From Peter Parker living in Queens to Spider-Man web-swinging through midtown Manhattan, the action took place all over New York, as opposed to a comic book like Fantastic Four, which is headquartered in New York but had its heroes adventure outside the city limits. Locations and characters introduced through Spider-Man went on to become Marvel fixtures.

7 Peter Dated An Older Woman Who Wasn’t His Assistant

At the time, Marvel included love interests in their supporting cast, but many of them were the heroes’ assistants. For example, Pepper Potts, Jane Foster, and Karen Page all worked for their respective hero’s secret identity. The dynamics between Peter Parker and his love interest, Betty Brant, were quite different.

Peter was still in high school when he met Betty, who was working at the Daily Bugle. Betty wasn’t much older than Peter, but the fact she was employed full time while Peter was only a freelancer changed things up.

6 Peter Parker Worked For His Biggest Antagonist

Marvel heroes had their persecutors. The Hulk had General Ross; the X-Men had mankind in general, and Spider-Man had J. Jonah Jameson – editor-in-chief of the Daily Bugle where Peter worked. Unlike the other heroes, Spider-Man couldn’t run from the guy who signed his checks.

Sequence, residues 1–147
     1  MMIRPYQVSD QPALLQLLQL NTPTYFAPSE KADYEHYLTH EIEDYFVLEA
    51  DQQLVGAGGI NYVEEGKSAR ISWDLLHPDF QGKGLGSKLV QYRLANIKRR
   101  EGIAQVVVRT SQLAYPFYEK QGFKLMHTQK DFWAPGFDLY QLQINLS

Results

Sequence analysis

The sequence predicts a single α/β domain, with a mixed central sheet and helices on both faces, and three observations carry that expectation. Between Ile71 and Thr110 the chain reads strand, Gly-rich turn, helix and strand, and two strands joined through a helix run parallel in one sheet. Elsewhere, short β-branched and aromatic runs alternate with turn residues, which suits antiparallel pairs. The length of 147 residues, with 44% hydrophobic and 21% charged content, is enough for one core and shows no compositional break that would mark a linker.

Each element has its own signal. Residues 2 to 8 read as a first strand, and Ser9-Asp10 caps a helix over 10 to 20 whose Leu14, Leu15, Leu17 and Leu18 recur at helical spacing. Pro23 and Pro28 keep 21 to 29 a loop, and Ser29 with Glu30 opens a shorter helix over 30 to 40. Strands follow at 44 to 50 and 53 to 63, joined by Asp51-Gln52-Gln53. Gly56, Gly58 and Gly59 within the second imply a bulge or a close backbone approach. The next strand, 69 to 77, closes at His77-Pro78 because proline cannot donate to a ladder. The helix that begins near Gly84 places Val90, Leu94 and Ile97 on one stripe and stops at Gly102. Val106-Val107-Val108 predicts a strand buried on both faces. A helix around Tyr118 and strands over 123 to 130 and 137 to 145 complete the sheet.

RELATED – Spider-Man: 10 Shadiest Things J. Jonah Jameson Has Done

Jameson was constantly badmouthing Spider-Man and even hired super villains to go after him. The irony was that Peter had to sell pictures of Spider-Man to Jameson because he was the only one who’d buy them. Consequently, he contributed to his own hate campaign.

5 Spider-Man’s Motivation To Be A Superhero Was Driven By Guilt

The loss of a loved one is often used to motivate a superhero, but Spider-Man went further than that. After gaining his superpowers, Peter Parker used them to seek fame and fortune. He was so uninterested in fighting crime that he let a criminal go, which resulted in the death of Uncle Ben.

The fact Spider-Man could have prevented Ben’s death added a layer of guilt to his superhero motivations. It created a morality never before seen in superhero stories about power and responsibility, which ultimately defined Spider-Man’s character.

4 Spider-Man Doubted Himself, Which Made Him Human

Superheroes are often bold and decisive, but Spider-Man was plagued with doubts and insecurities. As Peter Parker, he was shy and introverted around others, but as Spider-Man, he joked as he fought villains. These are the actions of someone trying to discover their place in the world.